The diplomatic opening between Cuba and the United States, under President Obama, drastically reversed by President Trump, was a concession to the Cuban Revolution and world public opinion after a brutal 60-year embargo by American imperialism. We see no evidence that the Cuban Communist Party is about to abandon its commitment to socialised property relations and the social gains achieved by the Cuban people through their Revolution. Some on the left argue that the huge influx of American visitors (pre-pandemic), together with the internal reforms being implemented, pose new challenges to the cohesion of Cuban society. We recognize that Cuba needs foreign exchange. The economic development which it negotiates with foreign investors is overwhelmingly in the interest of the working class. In 2016 we celebrated the release of the Cuban Five after a long campaign of international solidarity, to which we contributed.
US imperialism, with its junior partner Canadian imperialism, is trying to export its economic problems to dependent capitalist societies, the BRICs among others. In Latin America, the left-nationalist bourgeois governments that were removed are making a bit of a comeback due to mass revulsion towards the ultra-right. The leftist regimes were brought to power by the very advanced level of struggle of the Latin American masses, which continues. Whatever our assessment of the character of these diverse regimes (the PSUV-led Bolivarian ‘revolution’ in Venezuela, the overthrown Evo Morales-led MAS government in Bolivia, the undemocratically deposed Brazilian PT regime led by Dilma Rousseff and the jailed Lula DaSilva), we vigorously defend them against imperialist sanctions and right wing attempts to overthrow them.
In 2016 and 2017 SA/LAS contributed to the formation of a new revolutionary political current in the Fourth International. It was based on a text which constituted a sound, principled and absolutely necessary challenge to the F.I. leadership’s abandonment of the historic programme of world Trotskyism. Published in six languages, the document gained support by organizations and individuals around the world. Unfortunately, the Platform for a Revolutionary International obtained few votes at the World Congress held in March 2018. The International Committee meeting of the F.I. leadership in March 2019 showed that it continues on its regressive course.
We pledge to maintain our close collaboration with our American comrades in SA (USA), our good relations with the Fourth International section in Greece, with the comrades of the A&R Tendency in the French Nouveau Parti Anti-capitaliste (NPA), with IZAR in Spain, with Socialist Democracy in Ireland, with comrades in Italy, Sweden, Hong Kong, Mexico and in other countries. Our efforts to participate in the FI as a sympathizing organization, or at least to attain observer status, have seemingly reached a dead end. Farcically, the moribund Gauche socialiste in Quebec, which claims to have ten members, remains the official F.I. section in Canada.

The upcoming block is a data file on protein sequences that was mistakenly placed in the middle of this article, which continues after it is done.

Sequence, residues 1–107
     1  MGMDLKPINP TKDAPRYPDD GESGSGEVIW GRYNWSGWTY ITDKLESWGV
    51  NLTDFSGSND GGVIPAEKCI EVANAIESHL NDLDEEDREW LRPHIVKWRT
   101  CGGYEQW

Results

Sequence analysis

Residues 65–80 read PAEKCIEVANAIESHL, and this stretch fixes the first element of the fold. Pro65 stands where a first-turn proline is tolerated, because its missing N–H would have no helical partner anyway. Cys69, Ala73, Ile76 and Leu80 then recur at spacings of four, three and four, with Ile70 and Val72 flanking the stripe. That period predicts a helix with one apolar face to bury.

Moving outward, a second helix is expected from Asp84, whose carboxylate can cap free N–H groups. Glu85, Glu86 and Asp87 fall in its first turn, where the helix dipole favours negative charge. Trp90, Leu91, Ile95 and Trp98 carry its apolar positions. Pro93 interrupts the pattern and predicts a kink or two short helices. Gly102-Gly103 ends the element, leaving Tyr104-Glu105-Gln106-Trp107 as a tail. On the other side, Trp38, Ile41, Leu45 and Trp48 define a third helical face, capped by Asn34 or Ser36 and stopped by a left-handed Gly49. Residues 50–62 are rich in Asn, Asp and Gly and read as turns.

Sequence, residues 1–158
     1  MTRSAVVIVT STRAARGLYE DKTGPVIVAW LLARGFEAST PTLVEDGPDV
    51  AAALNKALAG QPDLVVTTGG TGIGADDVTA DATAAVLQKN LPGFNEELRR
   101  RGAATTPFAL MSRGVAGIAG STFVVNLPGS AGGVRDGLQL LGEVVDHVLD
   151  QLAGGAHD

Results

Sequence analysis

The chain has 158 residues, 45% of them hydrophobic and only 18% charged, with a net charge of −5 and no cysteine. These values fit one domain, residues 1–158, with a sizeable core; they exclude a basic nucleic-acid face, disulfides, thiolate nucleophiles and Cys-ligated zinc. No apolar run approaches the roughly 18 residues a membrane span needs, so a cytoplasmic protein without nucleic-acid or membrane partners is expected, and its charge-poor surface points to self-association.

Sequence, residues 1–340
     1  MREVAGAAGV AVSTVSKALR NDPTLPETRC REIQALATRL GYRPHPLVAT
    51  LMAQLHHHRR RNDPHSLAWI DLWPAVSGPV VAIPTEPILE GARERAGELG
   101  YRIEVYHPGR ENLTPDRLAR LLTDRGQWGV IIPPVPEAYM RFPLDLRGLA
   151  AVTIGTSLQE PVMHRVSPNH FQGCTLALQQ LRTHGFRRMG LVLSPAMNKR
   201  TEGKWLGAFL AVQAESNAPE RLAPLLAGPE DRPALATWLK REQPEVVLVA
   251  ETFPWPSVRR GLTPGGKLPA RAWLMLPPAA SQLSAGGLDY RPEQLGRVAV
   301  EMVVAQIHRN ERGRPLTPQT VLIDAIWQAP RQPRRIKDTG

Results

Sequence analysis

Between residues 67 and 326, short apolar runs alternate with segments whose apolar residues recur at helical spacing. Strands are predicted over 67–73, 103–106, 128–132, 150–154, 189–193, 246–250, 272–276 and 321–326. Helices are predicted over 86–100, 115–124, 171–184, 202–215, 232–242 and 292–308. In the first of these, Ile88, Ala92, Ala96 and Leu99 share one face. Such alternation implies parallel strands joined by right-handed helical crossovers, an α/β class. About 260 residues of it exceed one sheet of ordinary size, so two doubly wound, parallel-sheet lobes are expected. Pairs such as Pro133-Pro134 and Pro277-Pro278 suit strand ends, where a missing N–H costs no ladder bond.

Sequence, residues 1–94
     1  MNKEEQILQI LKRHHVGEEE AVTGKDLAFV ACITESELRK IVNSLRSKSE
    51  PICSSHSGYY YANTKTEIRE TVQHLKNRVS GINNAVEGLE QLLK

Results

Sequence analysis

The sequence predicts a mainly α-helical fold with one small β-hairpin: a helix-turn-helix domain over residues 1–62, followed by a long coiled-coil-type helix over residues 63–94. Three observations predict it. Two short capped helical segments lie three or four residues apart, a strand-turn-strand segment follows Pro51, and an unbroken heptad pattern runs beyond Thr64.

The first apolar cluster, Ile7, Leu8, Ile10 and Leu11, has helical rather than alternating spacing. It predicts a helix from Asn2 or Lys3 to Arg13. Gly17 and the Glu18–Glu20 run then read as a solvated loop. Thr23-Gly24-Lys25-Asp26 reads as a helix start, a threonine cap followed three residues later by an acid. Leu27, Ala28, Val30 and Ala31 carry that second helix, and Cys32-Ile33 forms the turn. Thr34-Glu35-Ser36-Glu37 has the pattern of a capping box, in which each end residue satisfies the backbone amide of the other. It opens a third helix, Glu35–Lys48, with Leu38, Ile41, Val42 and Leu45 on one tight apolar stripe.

At the World Congress the policy of abandonment of revolutionary strategy, which has led to the liquidation of numerous national sections, was re-affirmed. As a result, it is clear that to build a revolutionary workers’ international, and to participate directly in that work, SA/LAS must turn its attention to Trotskyist and revolutionary socialist parties operating elsewhere, and to seek direct political collaboration with them.
Summary of our Tasks and Perspectives
1. Our central priority is to build SA/LAS as a Leninist-Trotskyist party. It is not a loose network of socialists. The left is littered with the debris of groups that opted to construct a network, a ‘project’, a caucus or a campaign, rather than a disciplined revolutionary workers’ party. Our concept is that of a centralized campaign party that applies the united front tactic, focussed on the working class, and rooted in its mass organizations. Every member of SA/LAS should try to think of ways to introduce our party to workers, women and youths, and to establish its presence in places where it is not presently organized, drawing on the existing resources and leadership of SA/LAS. Every member should think about stepping forward to devote the time and to get the training to become a ‘cadre’, a professional revolutionary. The provision of such essential training is a high priority for the party’s Central Committee. It will draw on all the necessary human resources, both inside and outside SA/LAS, to achieve it.
2. We aim to build a Revolutionary Workers’ International. Socialism in one country is a fraud and an impossibility. Internationalism, and working class independence from the institutions of capitalism and its state, are principles that inform everything socialists do. We look for partners in this endeavour. That means seeking collaboration with Trotskyist parties outside the official Fourth International whose leaders have abandoned its historic programme. It means maintaining ties with supporters of the Tendency for a Revolutionary International inside the F.I., although the TRI is not very active and there are differences within it over the right of oppressed nations to obtain aid from any source in order to resist imperialist aggression. It also means seeking collaboration with organizations like the PCL of Italy and the PTS of Argentina, although in the latter case we have grave concerns about its positions on Cuba and Venezuela.